There are some amendments made by the Canada Revenue Agency relating to the income taxes of those with disabilities along with their families. This site will provide all the information pertaining to tax tips for the year 2015-2016. Accordingly, the changes are updated at Https://www.atia.org/. The article will provide an insight on how the changes are processed and how it affects those with disabilities.
The Family Caregiver sum for children below 18 years has to be claimed by separately on the return page of line 367. For those dependents above the age of 18 years, a value of $2093 has to be mentioned in the line 303 in case the dependent is your spouse or a legal partner. Suppose the dependent is a qualified dependent then a mentioned is needed on line 305. If the caregiver amount is to be claimed, mention on line 315.
The Children’s Fitness Tax Credit limit is not refundable, but since 2015 it has been changed into being a refundable credit. The Canada Revenue Agency has made an announcement that from 2015 the returns will assist all the taxpayers and this includes those with disabilities. Parts of the income tax returns will be automatically filled with information from the CRA file. This move is to enable taxpayers to return from RRSP information, Capital gains and losses, Home Buyer’s plans, T3. T4 and T5 slips. Detailed information is provided at http://www.cra-arc.gc.ca/auto-fill/.
People receiving RDSP grants and bonds are required to file returns, and this is called Age 17 Tax Returns. One the person turns 19, the income will be switched from the income of the parents to the disability’s income. The amount used in the calculation is the one reported two years prior to the present year to the CRA. Income tax returns have to submit for the year when the person is 17 and every year thereafter. Meanwhile, the Universal Child Care Benefit has been increased to $160 per month for the dependents between the age of 6 and 17 and those who are qualified.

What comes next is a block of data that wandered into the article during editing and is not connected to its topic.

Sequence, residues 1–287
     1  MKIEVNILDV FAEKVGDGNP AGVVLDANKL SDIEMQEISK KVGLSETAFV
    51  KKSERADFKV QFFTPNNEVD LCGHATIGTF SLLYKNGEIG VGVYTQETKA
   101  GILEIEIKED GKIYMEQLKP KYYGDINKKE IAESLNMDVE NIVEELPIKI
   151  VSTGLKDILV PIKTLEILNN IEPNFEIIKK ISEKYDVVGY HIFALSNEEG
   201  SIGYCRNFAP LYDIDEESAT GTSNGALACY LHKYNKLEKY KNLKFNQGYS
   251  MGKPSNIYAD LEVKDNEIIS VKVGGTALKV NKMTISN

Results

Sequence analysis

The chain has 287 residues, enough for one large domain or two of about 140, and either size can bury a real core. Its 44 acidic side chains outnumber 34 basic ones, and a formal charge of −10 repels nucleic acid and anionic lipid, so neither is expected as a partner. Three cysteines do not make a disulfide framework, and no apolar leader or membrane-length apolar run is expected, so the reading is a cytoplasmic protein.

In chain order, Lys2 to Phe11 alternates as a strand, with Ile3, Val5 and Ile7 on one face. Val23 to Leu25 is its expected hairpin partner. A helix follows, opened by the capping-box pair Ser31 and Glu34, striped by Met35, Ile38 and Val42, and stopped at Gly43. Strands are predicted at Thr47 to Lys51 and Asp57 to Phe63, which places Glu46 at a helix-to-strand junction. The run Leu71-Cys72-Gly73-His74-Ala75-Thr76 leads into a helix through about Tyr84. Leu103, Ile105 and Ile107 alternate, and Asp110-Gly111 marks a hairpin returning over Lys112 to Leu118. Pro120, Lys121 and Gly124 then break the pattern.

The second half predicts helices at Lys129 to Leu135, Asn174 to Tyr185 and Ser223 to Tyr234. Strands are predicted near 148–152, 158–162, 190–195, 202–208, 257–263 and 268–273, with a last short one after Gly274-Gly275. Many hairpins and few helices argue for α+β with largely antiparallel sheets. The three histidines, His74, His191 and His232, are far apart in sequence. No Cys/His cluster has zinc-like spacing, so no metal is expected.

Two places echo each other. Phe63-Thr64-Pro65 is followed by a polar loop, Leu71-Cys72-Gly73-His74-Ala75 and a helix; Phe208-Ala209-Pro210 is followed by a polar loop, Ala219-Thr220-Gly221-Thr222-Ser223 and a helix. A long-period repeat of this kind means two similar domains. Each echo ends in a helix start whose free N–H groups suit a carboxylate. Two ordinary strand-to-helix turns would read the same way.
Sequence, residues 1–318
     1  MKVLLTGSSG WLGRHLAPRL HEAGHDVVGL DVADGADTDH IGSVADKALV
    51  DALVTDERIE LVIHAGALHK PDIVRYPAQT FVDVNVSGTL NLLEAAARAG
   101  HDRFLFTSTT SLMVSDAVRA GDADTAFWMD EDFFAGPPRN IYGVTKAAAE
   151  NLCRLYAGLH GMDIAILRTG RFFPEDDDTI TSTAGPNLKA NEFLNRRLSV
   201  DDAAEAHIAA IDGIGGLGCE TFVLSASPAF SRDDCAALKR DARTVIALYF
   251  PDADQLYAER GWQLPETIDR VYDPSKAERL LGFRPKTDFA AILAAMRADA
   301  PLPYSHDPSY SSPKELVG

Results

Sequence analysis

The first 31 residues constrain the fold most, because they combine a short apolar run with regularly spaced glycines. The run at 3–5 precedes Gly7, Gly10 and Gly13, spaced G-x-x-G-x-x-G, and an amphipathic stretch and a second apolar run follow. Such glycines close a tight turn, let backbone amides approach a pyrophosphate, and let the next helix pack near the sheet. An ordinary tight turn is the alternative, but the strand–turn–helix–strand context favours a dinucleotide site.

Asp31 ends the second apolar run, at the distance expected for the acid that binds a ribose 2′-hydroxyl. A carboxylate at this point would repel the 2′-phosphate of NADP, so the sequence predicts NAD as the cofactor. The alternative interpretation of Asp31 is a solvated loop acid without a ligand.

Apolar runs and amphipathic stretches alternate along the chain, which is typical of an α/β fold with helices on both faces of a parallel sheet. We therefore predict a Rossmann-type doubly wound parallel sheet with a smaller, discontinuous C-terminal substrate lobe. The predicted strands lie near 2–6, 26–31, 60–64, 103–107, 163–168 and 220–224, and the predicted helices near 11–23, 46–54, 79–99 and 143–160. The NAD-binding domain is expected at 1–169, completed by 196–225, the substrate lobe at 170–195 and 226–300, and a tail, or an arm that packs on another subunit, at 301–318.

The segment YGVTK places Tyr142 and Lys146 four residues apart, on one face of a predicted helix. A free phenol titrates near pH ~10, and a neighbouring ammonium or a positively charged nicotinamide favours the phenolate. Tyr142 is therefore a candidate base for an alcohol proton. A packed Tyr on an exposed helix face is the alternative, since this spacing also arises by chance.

Disability Tax Credit or disability amount is available to the disabled and their family members. The amount is a non-refundable tax credit and can decrease the tax amount of the disabled person or their supporting member. Whole or part is transferred to the member who provides food, clothing, shelter and other basic necessities. Even if the disabled person is not living with you, the DTC claim can be made, if the person is depending on you for consistent support. The claimant needs to provide supporting documents to prove their claim.
A disabled person above the age of 18 is eligible for $7,899 disability amount. If the person is less than 18 years, then a disability tax credit supplement of $4,607 is given in excess to the disability amount. Either of the amounts is transferable. A reduction in the supplement happens if they claim Attendant Care or Child Care Expenses.
The good news for special needs community is that caregivers and people with disabilities can claim DTC from 2015 for the past 10 years if the credit has not been claimed. The caregivers can claim from 2005 but only if the dependent is above the age of 18 since the year the claim is made.